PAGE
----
Wednesday, November 30, 2011

That's a Wrap

Thirty days hath September, April, June, and November
all the rest have thirty one
except February blah blah blah I don't remember the end of this poem.


And so, it's day thirty of the month of November, and National Blog Posting Month (NaBloPoMo) is drawing to an end.  I wondered at the beginning of the month if I'd be able to gut this out.  Certainly there are many people who write far more than I do: National NOVEL writing month (NaNoWriMo) also takes place during the month of November, and I know someone who actually completed the task!  Mad props to those folks, but for me, a sixty hour work weeks combined with a senior in high school is not a successful recipe for penning a novel.  In fact, I think it's the precise recipe for Mince Pie face.  My writing tends to start after 10pm, and usually after 11pm, and I'm not exaggerating when I tell you if November was also National Nodding Off At Your Desk Month (NaNodOffAtYoDeskMo) I'd win a shiny banner for that one as well.

But I'm glad I did several more laps at the Tuna News.  Part of me truly missed it.  Part of me felt guilty every time I fired up my web browser, because The Tuna News is my homepage, and I've been staring at last winter's socks for the past 11 months.  Part of me worried that with so much national and social conversation going on right now (a very polite way of saying everybody is talking and nobody is listening), I was offering nothing new or substantive, and was, in fact, only adding to the problem.  Part of me was (and is) plain old boring vanilla tired.  It happens.

Today took an interesting turn down the rabbit hole of YouTube.  You never know when these days are going to happen, but one interesting thing after another seemed to pop up.  I took it as a sign.  And when music starts and ends your day, it's a good sign indeed.



Verdi - Requiem
A colleague of mine shared this video first thing this morning. I don't necessarily think you should watch the entire thing, but if you want to check out a couple of amazing moments, the Lacrymosa (40:24) is a great place to start.  Soloists include a 36-year young Leontyne Price who sings with such control, beauty and sensitivity, I don't know if I should swoon or take notes.  Really, both are appropriate.  I love the very beautiful, formal and simplistic concert attire of the women, and I'm amazed that half the soloists and the conductor are performing this 90-minute work from memory.  For those who are familiar with this work, the tell-all moment comes right at the end (1:15:46) for the Soprano.  Will she or won't she (1:17:27)?  You know she will.  And it's glorious.



Eric Whitacre - Paradise Lost
Eric Whitacre, 20th Century composer, social media fan, and seemingly all-around nice guy, not to mention smart and encouraging to musicians of every age and skill is working on a somewhat unconventional Broadway Show that he hopes to open in London soon.  Why didn't I know about this before today?  I don't know, but I'm glad I know now.  For an even tastier treat,you MUST listen to this.  Posting it on Facebook this morning, he wrote:  "A little a cappella interlude I wrote for the concert version of Paradise Lost. Thinking of expanding it into a full piece..."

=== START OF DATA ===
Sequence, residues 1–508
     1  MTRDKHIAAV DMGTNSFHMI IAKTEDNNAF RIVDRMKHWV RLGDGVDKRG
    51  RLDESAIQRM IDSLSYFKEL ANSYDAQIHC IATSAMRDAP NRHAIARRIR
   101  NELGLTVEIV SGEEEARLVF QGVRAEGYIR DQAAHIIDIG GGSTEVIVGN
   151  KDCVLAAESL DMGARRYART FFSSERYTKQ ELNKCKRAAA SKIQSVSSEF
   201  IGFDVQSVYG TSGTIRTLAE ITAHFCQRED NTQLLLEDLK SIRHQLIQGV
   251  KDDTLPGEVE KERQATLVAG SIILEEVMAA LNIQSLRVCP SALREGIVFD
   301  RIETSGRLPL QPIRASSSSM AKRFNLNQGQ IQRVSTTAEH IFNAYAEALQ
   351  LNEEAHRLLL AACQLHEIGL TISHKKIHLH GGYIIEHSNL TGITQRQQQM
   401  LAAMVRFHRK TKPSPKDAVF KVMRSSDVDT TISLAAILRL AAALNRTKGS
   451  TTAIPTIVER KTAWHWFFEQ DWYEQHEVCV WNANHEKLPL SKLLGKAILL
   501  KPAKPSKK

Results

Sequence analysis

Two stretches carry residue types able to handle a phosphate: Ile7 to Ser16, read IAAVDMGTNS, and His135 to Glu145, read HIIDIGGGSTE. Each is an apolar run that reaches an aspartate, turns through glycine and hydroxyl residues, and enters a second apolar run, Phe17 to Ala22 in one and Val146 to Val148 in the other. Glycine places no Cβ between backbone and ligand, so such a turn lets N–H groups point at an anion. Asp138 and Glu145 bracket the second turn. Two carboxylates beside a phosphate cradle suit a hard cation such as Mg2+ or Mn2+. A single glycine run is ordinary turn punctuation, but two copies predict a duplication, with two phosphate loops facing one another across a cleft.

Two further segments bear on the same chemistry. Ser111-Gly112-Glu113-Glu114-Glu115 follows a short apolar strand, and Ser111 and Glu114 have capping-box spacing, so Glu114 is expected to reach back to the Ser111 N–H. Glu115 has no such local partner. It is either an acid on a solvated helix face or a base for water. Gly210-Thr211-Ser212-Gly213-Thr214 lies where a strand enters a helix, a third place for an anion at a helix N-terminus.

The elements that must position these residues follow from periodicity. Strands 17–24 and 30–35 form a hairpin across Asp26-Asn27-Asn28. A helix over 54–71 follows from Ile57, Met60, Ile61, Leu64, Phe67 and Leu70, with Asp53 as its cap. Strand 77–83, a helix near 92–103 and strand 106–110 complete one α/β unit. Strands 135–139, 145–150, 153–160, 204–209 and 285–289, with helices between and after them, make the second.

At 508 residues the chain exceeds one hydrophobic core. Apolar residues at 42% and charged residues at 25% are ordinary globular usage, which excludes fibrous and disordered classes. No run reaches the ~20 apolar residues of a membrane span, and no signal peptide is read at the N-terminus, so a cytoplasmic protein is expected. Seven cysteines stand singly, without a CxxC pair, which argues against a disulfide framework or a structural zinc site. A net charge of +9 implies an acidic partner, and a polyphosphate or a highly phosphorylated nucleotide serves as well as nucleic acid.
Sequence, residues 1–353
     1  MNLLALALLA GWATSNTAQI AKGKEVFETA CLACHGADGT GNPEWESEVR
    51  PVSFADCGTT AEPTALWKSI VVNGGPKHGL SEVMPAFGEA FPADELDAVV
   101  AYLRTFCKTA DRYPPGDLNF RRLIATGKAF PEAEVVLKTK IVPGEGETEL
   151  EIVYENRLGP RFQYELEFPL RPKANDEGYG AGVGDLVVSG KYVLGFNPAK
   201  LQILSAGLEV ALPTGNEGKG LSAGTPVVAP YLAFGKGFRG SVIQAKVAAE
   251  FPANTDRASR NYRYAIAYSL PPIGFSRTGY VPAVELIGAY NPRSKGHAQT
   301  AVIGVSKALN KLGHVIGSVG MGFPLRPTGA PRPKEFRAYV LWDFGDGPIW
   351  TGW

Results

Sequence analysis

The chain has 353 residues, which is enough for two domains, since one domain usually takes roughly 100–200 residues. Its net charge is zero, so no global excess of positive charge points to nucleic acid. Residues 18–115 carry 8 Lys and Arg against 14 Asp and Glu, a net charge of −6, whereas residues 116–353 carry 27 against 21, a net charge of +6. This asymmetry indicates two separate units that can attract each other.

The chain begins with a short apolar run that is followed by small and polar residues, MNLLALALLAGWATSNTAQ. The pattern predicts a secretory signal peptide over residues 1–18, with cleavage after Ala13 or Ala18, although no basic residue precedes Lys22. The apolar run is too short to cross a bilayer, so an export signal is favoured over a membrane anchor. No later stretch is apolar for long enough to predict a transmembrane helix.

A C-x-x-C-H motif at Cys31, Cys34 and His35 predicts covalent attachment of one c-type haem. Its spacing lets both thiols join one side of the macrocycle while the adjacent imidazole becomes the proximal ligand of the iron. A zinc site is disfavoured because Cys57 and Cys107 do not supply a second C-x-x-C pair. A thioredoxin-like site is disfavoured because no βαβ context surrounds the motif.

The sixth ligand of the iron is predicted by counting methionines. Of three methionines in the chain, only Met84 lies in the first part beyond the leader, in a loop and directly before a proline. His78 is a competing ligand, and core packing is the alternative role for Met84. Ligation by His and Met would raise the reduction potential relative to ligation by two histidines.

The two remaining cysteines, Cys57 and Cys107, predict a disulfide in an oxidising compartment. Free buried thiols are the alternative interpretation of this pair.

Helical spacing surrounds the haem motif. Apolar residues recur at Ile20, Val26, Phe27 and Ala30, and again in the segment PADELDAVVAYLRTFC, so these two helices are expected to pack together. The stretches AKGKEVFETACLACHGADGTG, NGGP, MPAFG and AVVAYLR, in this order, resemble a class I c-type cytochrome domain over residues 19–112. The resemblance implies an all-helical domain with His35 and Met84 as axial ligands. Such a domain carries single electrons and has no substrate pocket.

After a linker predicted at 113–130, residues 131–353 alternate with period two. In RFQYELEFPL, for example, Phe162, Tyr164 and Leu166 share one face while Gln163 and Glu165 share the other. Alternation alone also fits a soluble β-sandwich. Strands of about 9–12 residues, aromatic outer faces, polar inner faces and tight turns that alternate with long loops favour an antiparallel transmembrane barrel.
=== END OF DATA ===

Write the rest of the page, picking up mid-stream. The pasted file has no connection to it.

Elbow - Live from Manchester Cathedral
I stumbled across Elbow this spring, and this is easily the most excited I've been about contemporary popular music in a long time. Well-sung, well-written, lyrics that are smart and thought-provoking.  You could choose any part (or all of it..it's that good) to listen to, but my first suggestion would be Lippy Kids (34:30) from their latest album Build a Rocket, Boys!  The lyrics are astounding on their own ("Lippy kids on the corner again.  Lippy kids on the corner begin settling like crows.  Though I never perfected the simian stroll, the cigarette senate was everything then.  Do they know those days are golden?  Build a rocket boys!" ) but when you hear it presented, it's not angry.  In fact, it's respectful of youth and encouraging at the same time.  A fine line to walk, I think.

My second suggestion would be One Day Like This (54:12) which is the most wonderfully unabashed love song you'd ever want to hear ('Cause holy cow I love your eyes! And only now I see the light, lying with you half-awake, stumbling over what to say, Well, anyway it's looking like a beautiful day.  So throw those curtains wide, one day like this a year would see me right.)




Bonjour, Girl!  - Disney's "Beauty and the Beast"
Oh, I love a good parody, and this one is fabulous. Please, please please warning -- language alert and definite Disney lampooning. If either of these are sacred cows, then you should move on.
As for me... IT'S MY FAVORITE!!




Faust - Metropolitan Opera
Directed by Des McAnuff
My buddy Des is EVERYWHERE these days. His musical "Jersey Boys" is still touring all over the United States.  He is the BCMOC (Big Canadian Man on Campus) at the Stratford Festival in Canada, writing all the original music for this past season's production of "Twelfth Night", he has a hit revival of "Jesus Christ Superstar" that will open on Broadway next March and now, because, maybe he's bored or something, he's directed AN OPERA AT THE MET.  Seriously.  All the clips are fun, and it's in a very different and usual setting from the original concept. 


So, there you have it.  If you asked me how my day went, these videos sum it up.  It was a very good day indeed.  Thanks November.  Bring it, December.  I think I'm on a roll.


1 comment:

Anonymous said...

Vicki - Thanks for taking the time once again - enjoyed each one.

- Rick